Question Probes to interstellar space

Jul 13, 2022
What is preventing us from sending numerous tiny probes/orbiters into interstellar space, do we still lack the technology or courage? Since through gravity assist alone we can increase the speed of spacecrafts, why don't we send out many in various directions, with all the necessary instruments, like we've sent to mars?

If not the probes then why not just orbiters? Can we not launch tiny bots or something kinda similar to the breakthrough starshot?


Jan 26, 2020
The same reasoning you've made here;
can be made to you in this thread.

Also, I presume you just came out of watching Christopher Nolan's Interstellar...?
Jan 29, 2020
For making stuff out of Al,Cu,Nb,Pt nanowires, 15nm diameter 60nm length and curved at each end, I figure radiation damages them after 25 space years in the Solar System.
Laser communications is hard to make small and reliable. Radio communication is likely big with meteorites being the new hazard. For example, we need to map the sky volume up to Makemake to see density of meteorites and dust before we plot a course. The Mars Rover systems are easy for basic probe systems as it it only drives on a 2D plane. Some of our sensors are heavy. GPR uses a box to house radar waves.
Ion engines use heating processes in another box; too thin and the ion box wall will erode through. If we want to drill or scoop that is massive just for leverage on most dry pan weathered space surfaces. A nebula cloud analysis might be small equipment. Space is not the inert environment we dreamed it was before QED: a ping pong table.
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Dec 29, 2019
I think the problems and my objections are practical. How do they communicate? What power supply? What instruments can they carry? If very high velocity, how much observation can a very small probe do of deep space objects during a fast fly-by? I think going small will greatly limit probe capabilities. Going fast can go further but limit what can be observed.

What kind of targets? Interstellar - as in reaching other stars intact and being able to make high quality observations and communicate that back - seems so far beyond our capabilities as to be considered "impossible". Whilst Kuiper and Oort objects can add to our knowledge of the universe I don't see them as high priority unless we already have reason to believe they are of special interest; probes to comets/asteroids that come from out there, during their time in the inner solar systme may still be the most effective way to learn about deep space objects. Or perhaps projectiles rather than probes, to blow material out so JWT grade or better telescopic instruments can study it?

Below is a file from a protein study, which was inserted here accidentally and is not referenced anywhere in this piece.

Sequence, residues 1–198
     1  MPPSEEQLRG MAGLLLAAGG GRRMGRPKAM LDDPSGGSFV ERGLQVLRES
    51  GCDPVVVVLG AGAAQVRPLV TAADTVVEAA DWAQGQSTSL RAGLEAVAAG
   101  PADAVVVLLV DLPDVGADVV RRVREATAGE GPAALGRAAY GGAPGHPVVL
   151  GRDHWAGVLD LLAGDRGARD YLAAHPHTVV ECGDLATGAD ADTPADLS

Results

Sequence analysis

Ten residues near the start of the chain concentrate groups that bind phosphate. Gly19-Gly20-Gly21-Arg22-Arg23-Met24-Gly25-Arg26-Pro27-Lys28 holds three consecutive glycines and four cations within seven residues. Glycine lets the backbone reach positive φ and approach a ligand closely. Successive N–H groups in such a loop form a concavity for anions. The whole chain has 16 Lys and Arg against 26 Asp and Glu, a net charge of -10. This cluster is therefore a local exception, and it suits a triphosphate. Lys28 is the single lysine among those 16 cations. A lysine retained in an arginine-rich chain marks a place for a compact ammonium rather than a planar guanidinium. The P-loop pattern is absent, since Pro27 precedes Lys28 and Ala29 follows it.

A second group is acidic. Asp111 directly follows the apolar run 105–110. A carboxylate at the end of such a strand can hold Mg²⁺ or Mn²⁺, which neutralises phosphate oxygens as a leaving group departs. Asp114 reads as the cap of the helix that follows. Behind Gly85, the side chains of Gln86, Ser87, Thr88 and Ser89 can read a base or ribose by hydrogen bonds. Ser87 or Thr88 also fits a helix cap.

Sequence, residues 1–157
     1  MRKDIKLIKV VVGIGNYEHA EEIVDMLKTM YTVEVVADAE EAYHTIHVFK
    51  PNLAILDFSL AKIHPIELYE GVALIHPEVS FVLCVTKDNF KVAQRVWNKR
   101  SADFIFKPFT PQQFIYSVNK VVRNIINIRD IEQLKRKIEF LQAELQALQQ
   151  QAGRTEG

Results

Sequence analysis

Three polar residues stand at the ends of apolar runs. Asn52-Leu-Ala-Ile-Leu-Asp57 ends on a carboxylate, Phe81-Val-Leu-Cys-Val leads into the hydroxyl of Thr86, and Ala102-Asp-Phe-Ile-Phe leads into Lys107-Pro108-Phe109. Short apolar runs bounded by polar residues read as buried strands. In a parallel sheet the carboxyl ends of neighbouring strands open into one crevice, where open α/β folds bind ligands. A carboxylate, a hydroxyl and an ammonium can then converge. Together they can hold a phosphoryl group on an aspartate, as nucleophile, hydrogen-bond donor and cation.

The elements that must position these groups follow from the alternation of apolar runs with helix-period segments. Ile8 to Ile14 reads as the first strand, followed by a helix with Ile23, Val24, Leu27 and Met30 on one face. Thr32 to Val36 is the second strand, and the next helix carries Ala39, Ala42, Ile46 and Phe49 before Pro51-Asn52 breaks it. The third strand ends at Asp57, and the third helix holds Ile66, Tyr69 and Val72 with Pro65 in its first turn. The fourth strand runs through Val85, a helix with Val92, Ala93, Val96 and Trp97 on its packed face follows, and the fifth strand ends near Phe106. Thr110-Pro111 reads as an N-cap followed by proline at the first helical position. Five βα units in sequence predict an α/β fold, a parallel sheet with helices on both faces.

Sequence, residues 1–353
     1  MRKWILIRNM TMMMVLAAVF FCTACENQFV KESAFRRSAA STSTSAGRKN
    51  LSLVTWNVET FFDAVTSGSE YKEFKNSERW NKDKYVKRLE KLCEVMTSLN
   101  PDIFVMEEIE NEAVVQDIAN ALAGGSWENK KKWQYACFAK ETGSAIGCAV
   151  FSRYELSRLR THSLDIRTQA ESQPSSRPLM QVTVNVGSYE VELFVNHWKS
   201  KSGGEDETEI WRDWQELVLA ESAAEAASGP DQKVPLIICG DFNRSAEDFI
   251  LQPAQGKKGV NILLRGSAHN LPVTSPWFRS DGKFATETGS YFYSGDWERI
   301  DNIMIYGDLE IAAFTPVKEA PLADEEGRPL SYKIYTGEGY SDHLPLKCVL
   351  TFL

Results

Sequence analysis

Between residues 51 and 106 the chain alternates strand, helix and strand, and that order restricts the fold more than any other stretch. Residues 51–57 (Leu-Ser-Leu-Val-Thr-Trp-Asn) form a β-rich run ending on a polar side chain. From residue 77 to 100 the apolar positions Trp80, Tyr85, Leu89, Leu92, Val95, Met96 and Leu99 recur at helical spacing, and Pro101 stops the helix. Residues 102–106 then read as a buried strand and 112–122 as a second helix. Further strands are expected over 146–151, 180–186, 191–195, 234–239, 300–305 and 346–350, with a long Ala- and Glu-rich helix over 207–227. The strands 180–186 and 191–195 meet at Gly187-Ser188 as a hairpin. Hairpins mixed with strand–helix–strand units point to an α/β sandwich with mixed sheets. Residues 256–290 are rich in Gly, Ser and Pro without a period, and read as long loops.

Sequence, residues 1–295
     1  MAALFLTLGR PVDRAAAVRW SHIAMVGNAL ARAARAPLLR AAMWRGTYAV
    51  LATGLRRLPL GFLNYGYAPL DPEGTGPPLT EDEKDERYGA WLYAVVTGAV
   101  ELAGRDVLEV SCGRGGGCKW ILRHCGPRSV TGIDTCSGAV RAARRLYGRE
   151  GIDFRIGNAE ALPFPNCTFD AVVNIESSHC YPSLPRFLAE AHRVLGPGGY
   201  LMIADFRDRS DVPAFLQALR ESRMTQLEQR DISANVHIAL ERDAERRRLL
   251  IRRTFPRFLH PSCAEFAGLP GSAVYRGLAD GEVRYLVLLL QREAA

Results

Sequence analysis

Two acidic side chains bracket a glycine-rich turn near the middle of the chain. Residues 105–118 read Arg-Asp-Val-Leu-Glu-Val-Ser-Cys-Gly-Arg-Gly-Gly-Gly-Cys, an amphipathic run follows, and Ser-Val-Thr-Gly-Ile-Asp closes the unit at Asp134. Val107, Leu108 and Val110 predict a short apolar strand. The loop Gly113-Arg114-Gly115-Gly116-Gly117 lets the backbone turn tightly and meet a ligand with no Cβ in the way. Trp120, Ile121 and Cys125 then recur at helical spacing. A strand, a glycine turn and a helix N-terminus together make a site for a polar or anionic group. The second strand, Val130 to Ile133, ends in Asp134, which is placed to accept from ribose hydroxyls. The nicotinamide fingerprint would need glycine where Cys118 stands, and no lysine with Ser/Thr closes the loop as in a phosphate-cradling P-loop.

Whilst I am generally in favor of thorough surveying of everything possible as the way to find things of special interest as well as just of what is there we will have to pick and choose our targets because of our limitations. The solar system has no shortage of objects and objectives that are much closer and more interesting. That doesn't mean they are easy targets.
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Jan 29, 2020
Another difficulty with tiny is the temperature. I just read nanoparticles made at near Absolute Zero and kept cold until the experiment have more surface detail than those typically made at a warmer temperature and then cooled during or before and during an experiment. If the particles form a clock or something it will be damaged by even thermal cycling from a radiation source. Electrical wires might work a few mm diameter and not a micron. Thin is generally fragile in space, though redundancy is possible,


"There never was a good war, or a bad peace."
Probes to interstellar space

So where do we stand? They would have to be small, and, I guess, not that many of them, on grounds of practicality and cost. For lightsails, they must be tiny, and that may introduce its own problems. Also, how about dangers from radiation and/or meteroids/space dust? OK, they do present small targets. Are they practical or not?

Cat :)


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